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Background: Medpor or porous polyethylene is a common facial implant material. Its primary biologic feature as an implant is that is surface porosity permits soft tissue attachments/ingrowth. While this is perceived by some as a material benefit it become a major material liability should any form of revision or removal of the implant be needed. These soft tissue attachments are tenacious and removal can be extremely difficult. Injury to surrounding nerves and blood vessels, if in the vicinity, can be a real risk. The risk of implant removal can be greater than implant insertion which is not a good material feature.

Having removed hundreds of Medpor facial implants none are more challenging than those along the jawline, particularly the jaw angle region. Besides the difficulty working way back in the posterior region of the mouth the soft tissue attachments of the masseter muscle are very adherent. But what really makes this area for Medpor implant removal difficult is that many of the standard jaw angle implants are designed to wrap around the inferior border to create a vertical lengthening effect. While this is a sound design and has good aesthetic benefit it also complicates removal due to the limited intraoral exposure. But one additional variable increases the risk of Medpor jaw angle implant removals…the adherence of the facial artery to the implant as it crosses up from the neck over the implant into the face. I have more than once partially transected this artery during their removals and, while not life threatening, can be difficult to get the bleeding under control.

An alternative approach to Medpor jaw angle implants removal is through a facelift which approaches implant removal from a different and more favorable direction.

Case Study: This older female had Medpor jaw angle and chin implants placed over 20 years ago. While she liked the chin improvement she never liked the jaw angle augmentation effects as she felt it made her look too masculine. She was going to undergo a facelift and the decision was made to access the implants from this direction and avoid an extensive intraoral dissection and healing period.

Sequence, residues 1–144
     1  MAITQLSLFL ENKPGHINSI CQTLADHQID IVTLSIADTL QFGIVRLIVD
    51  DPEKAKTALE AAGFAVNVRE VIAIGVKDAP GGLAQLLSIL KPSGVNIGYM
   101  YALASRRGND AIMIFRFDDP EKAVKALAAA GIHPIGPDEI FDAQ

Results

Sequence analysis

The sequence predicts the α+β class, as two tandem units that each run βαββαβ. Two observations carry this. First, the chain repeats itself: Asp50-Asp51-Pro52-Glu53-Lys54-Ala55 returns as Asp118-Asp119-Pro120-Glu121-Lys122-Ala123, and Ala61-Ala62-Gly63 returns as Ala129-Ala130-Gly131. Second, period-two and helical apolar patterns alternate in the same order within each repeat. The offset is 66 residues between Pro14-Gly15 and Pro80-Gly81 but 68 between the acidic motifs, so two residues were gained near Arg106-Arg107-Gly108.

Under general anesthesia the skin flaps of the facelift were initially raised. Over the posterior jaw angle areas the implants could easily be felt and there did not appear to masseter muscle over the larger back ends of the implants. A small incision was made through the SMAS layer and the implants exposed. The overlying adherent soft tissue attachments were released and the implants elevated off of the bone. A very thick capsule was found around the implant as expected.

As the implant were slowly mobilized the facial artery was seen attached to the anterior end of the implant which was along the inferior border. Very careful dissection was done to ensure that the artery was not injured our transected. Once released the implants were delivered out through the SMAS incision. The SMAS was closed and the rest of the facelift then completed.

Case Highlights:

1) Women more so than men may find that a jaw angle implant has a masculinizing effect.

2) Through a facelift a direct approach from the implant’s posterior surface can be done and the recovery improved by avoiding a healed intraoral incision..

3) A facelift approach provides better visualization of the crossing facial artery which should injury occur can be more easily controlled.

Dr. Barry Eppley

Indianapolis, Indiana

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